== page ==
anthony galvin

TAGGED: SPORT

At Lords. 

Once in a while there’s something special about taking some time out just for yourself and settling down for an afternoon at Lords. Thanks to everyone who came down for making it a great day out. 

#photo #cricket #sport #stagdo #lords #sun

2011-08-01 09:38:52 GMT permalink

A view of the cultural Olympiad getting underway in Greenwich Park (lo-res pic via iPhone)

#greenwich #photo #iphone #olympics #sport

2008-09-26 18:42:00 GMT permalink

A day at the Test Match, more pictures here

#cricket #sport #photo #oval

2008-08-08 23:25:00 GMT permalink

Life before Betfair

#photo #cricket #sport

2008-07-25 08:03:00 GMT permalink

Or maybe bikes and guitars are just cool

Usually practitioners get better with age (writers, conductors, visual artists, directors etc..). However the shelf life of sportsmen and pop culture musicians (to take the Adorno definition) seems to be relatively short, with a very narrow ‘sweet spot’. They are in many ways the pursuits of 'young people’.

Perhaps this is why a certain type of person (usually men) obsess over sport and (usually obscure) music. It’s a way of holding on to (and in many ways enhancing) a lost adolescence.

#sport #soul

2008-07-25 07:56:00 GMT permalink

Belief. 

A cold afternoon, warmed by the tension of watching my team. My team - a strange phrase. They’re clearly not just mine - on this occasion I’m sharing them with the 700 other people who’ve decided to travel to the less than glamorous Abbey Stadium in Cambridge and pay £15 to sit in the away end (another 2000 or so locals are spread around the rest of the patchwork ground). 

I’m always in the away end, that’s how I started watching them, with my dad at small grounds in the late 80’s and early 90’s. When football wasn’t an all pervasive fashion item that politicians and Hollywood a-listers were required to ‘like’. Not that this game is touched by much glamour. The Blue Square Premier League is a long way from the banal MOTD platitudes and millionaire showboating. 

I don’t go and watch my team very often. For lots of reasons: money, family, geography, time. But one of the main reasons is that I don’t enjoy it. I can watch and enjoy most sport (except motor sport) and I enjoy watching football. But watching my team play is a long way from being a pleasurable experience.

It’s the tension, the stress.

The stress of getting to a ground in a town you don’t know. Arriving, taking a glance at the programme and with the dawning realisation that there isn’t a single player on the team who was playing for the club last time I watched a game. That strange superstition of not sitting down until the referee blows his whistle (I have no idea where that comes from). As the game progresses it gets worse. A knot in the stomach, voice growing hoarse, willing a good result. Those nearly moments - an almost great pass or the ball striking the bar. The collective frustration that pours out of the stands when a basic error is made.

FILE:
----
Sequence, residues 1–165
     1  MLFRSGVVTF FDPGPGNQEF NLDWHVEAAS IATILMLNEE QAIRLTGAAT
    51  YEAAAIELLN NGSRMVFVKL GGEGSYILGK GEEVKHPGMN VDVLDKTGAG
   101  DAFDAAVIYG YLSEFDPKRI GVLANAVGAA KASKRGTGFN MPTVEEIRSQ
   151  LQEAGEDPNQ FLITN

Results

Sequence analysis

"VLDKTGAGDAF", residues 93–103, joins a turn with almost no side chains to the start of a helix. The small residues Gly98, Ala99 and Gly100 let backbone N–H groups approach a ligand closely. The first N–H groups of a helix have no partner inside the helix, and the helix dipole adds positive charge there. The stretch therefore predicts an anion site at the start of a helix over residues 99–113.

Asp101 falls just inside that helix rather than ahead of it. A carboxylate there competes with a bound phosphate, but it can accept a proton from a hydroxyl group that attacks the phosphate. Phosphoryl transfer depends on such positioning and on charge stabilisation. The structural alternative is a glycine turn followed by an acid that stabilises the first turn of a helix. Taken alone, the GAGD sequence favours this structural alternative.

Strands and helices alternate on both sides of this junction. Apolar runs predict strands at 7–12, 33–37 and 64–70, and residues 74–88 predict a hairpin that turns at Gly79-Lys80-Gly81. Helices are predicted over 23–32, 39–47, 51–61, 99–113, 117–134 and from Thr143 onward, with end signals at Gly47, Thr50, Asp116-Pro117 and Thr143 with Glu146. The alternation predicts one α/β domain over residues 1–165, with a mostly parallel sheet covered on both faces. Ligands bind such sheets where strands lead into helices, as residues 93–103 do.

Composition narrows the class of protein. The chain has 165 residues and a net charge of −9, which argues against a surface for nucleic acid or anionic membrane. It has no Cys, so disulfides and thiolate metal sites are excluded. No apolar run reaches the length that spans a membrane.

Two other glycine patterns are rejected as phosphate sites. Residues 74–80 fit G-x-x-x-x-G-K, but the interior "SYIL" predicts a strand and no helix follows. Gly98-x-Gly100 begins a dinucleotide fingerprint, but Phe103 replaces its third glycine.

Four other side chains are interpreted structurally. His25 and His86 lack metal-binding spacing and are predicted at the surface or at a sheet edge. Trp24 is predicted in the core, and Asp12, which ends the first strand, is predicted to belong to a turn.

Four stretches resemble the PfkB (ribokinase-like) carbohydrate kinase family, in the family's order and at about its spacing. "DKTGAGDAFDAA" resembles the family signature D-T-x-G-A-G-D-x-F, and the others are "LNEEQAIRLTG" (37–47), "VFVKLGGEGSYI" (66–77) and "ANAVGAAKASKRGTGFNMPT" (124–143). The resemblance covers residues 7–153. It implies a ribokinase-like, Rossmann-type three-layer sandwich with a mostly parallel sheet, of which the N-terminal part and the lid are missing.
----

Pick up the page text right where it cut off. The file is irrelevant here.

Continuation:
Suddenly the end of the game approaches, nervous glances at my watch. The board held up for a few minutes of added time. Which drains away like the belief in fading light. Perhaps one last change and then the final whistle.

No win today. No end to the run of games without seeing them win. My team. Next time they’ll win. Next time I’ll enjoy it. 

#football #grimsby #cambridge #sport #belief #stress #me

2013-01-27 23:57:00 GMT permalink

Lives of the Artists (2009) - A short review

Dir. Ross Cairns

In ‘Lives of the Artists’, Ross Cairns takes three different, but in his view, related 'artists’. These are not painters or sculptors, but a British and Irish trio of surfers (Tom Lowe, Fergal Smith and Mickey Smith), a French  free-riding snowboarder (Xavier De La Rue) and a hardcore band from Watford (Gallows).

Cairns’ belief is that these disparate creative practitioners, through their commitment, dedication and the passioned execution of their various disciplines are true artists. They are able to communicate in a powerful yet abstract way. This thesis, here beautifully illustrated in high-definition and often in slow-motion, is often found in more cerebral soul sports publications, and when accompanied by such stunning cinematography is persuasive. However, Cairns’ exposition is undermined by his subjects.

To be an artist is to communicate, and all three subjects are communicative, both in their chosen fields and in individual pieces to camera. But to be an artist, as opposed to an aspiring artist, there must be something to communicate, a life lived. Unfortunately, as so often in soul sports and contemporary music, the candidates offered here know too little of life to be genuine artists.

That’s not say that the talents of those on show are not exemplary, and in time they may go on to excel and transcend their individual disciplines, but only Xavier De La Rue is able to suggest something other than committed obsession. In one chilling sequence De La Rue talks of his renewed resolve and love of the mountains after a near fatal avalanche. It’s a moving moment, especially when accompanied by footage of the 'chute’.